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The Mean Streets of Huron

Richard Street | California, United States

As the only town in Westlands Water District (WWD), the largest private water district in the United States, Huron serves one function: as a giant farm labor exploitation camp and labor reservoir for the mega-farms that spread across the west side of the San Joaquin Valley. Huron doesn't have a high school, or Burger King, or a newspaper. No hospital, pharmacy, internet cafe, or Chamber of Commerce. Not even a blinking red light stops motorists on Lassen Avenue, aka highway 168, the town's main thoroughfare. Huron does have plenty of bars, three rival gangs, and plenty of drugs. Located halfway between San Francisco and Los Angeles, Huron is a convenient transit point for drugs. Everything is available, including amphetamines – “speed.” Such drugs make dollars and sense for field hands cutting head after head of lettuce from a stooped position day after day for a piece-rate and hourly pay. This field hand has passed out from a black tar heroin overdose on the sidewalk in front of the El Rancho. EMS is trying to revive him

I stumbled into this story in 1986, at Kesterson National Wildlife refuge, near Los Banos, CA, after photographing ducks, geese, and other water birds hatched with brains outside their heads, two beaks, and missing body parts or parts where they shouldn't be. Selenium washed out of San Joaquin Valley farms by massive, endless irrigation had poured into an uncompleted drainage canal that ended a few miles south of Los Banos. Curious about the source of the tainted water, I began searching the agricultural system that had produced this catastrophe. On that journey, I discovered an even greater human catastrophe in Huron, an isolated and claustrophobic farm town with no McDonalds, no movie theater, no high school. Huron didn't have a lot of things most towns take for granted. Essentially a giant labor camp for farmers in Westlands Water District, the largest private water district in the United States, Huron was the poorest town in California, in the richest agricultural county in the world.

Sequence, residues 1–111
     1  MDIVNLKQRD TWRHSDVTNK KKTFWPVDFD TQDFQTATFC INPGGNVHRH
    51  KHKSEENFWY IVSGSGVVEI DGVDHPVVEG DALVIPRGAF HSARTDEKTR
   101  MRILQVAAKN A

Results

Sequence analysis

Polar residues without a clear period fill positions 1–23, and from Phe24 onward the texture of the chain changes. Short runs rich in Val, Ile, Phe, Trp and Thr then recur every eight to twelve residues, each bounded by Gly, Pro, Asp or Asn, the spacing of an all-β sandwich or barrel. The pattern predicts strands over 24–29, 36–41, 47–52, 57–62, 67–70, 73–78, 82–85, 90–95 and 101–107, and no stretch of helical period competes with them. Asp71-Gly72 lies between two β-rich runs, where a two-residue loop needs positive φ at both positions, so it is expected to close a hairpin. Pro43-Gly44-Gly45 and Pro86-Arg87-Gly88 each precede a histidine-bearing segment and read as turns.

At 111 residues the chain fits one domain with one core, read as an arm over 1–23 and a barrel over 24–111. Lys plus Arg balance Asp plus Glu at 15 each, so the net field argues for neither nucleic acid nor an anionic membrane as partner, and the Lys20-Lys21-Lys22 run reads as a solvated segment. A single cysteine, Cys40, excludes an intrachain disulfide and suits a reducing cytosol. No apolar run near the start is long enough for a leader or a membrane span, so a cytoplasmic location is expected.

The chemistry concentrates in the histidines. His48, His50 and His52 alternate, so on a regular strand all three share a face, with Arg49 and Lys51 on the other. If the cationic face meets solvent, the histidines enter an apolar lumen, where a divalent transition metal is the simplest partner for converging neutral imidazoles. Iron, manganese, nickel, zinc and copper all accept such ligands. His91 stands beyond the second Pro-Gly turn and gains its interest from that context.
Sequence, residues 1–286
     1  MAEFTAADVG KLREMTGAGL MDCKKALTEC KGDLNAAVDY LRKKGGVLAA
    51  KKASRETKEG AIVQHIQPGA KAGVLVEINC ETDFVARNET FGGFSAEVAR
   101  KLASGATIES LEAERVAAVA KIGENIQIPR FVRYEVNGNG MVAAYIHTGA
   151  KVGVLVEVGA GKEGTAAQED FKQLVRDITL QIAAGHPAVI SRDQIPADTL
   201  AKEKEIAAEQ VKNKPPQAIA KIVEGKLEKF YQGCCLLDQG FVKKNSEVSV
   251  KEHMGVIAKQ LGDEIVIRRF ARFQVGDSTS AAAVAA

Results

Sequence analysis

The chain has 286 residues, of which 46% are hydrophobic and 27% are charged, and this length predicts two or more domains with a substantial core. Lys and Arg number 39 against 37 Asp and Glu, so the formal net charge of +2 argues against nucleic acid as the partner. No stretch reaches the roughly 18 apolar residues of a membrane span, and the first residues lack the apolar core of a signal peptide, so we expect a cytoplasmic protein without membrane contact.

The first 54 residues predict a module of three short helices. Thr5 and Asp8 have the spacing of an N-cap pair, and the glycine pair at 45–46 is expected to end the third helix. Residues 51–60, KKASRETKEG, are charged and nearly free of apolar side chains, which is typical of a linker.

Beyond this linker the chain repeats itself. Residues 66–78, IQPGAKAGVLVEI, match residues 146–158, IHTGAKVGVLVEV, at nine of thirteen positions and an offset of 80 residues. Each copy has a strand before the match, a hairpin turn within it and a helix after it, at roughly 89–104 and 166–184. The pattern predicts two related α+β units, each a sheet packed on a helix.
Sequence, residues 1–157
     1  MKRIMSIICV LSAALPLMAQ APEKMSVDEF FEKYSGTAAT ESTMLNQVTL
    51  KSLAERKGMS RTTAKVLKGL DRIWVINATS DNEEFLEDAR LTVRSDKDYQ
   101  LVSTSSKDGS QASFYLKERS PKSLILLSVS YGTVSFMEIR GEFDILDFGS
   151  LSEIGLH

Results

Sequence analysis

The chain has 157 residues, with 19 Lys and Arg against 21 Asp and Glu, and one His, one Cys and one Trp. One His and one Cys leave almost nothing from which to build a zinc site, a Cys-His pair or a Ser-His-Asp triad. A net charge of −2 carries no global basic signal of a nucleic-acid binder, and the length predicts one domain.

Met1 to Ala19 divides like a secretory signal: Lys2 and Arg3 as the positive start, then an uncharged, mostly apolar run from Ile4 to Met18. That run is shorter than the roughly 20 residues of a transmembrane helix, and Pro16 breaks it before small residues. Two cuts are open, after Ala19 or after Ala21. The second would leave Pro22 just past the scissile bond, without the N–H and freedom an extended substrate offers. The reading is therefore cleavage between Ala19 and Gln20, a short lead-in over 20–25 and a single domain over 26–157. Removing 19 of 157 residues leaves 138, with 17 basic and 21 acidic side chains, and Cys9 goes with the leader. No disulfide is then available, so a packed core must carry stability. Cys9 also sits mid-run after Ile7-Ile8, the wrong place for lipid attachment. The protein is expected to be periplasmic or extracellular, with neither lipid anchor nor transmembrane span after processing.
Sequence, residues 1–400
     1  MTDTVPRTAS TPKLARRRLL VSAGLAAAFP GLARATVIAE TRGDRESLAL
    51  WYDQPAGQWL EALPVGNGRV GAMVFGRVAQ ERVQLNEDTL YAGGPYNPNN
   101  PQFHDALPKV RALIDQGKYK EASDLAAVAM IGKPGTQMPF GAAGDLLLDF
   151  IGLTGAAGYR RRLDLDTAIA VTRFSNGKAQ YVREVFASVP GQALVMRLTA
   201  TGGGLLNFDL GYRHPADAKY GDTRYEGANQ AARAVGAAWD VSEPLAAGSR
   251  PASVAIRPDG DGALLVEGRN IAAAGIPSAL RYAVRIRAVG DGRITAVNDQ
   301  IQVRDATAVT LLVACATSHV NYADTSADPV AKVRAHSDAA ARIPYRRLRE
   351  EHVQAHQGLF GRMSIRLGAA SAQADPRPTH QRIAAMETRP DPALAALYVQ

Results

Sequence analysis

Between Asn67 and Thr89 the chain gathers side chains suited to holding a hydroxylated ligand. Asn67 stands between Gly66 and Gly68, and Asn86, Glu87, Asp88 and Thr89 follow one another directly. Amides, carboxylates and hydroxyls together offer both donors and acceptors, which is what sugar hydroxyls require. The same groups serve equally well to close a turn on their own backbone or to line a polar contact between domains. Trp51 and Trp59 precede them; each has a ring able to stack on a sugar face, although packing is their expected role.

Every March and November, when Huron produces 90 percent of all the lettuce in the United States, the population expands from 6,000 to nearly 12,000. Most of the influx consists of single, transient men who follow the lettuce circuit. Stranded in this increasingly impoverished, dysfunctional farm town, they make do in one of five labor camps, dozens of derelict trailers, countless garage barracks, and even the bushes. Vividly underscoring the huge and widening gap between rich and poor in rural California, Knife Fight City caps a multi-volume, multi-decadeeffort uniting scholarship, literary journalism, and social documentary photography.

By questioning the over- dependence on industrialized, petro-agriculture and scrutinizing its consequences, I aim at heating up the debate about the nature of agribusiness,nudge food production toward a more humane and sustainable system, put a human face on a situation that all too often is reduced to statistics and bar graphs, andprovide a model thatencourages academics to adopt a broadened and more engaged approach to scholarship.

California Rural Legal Assistance

 

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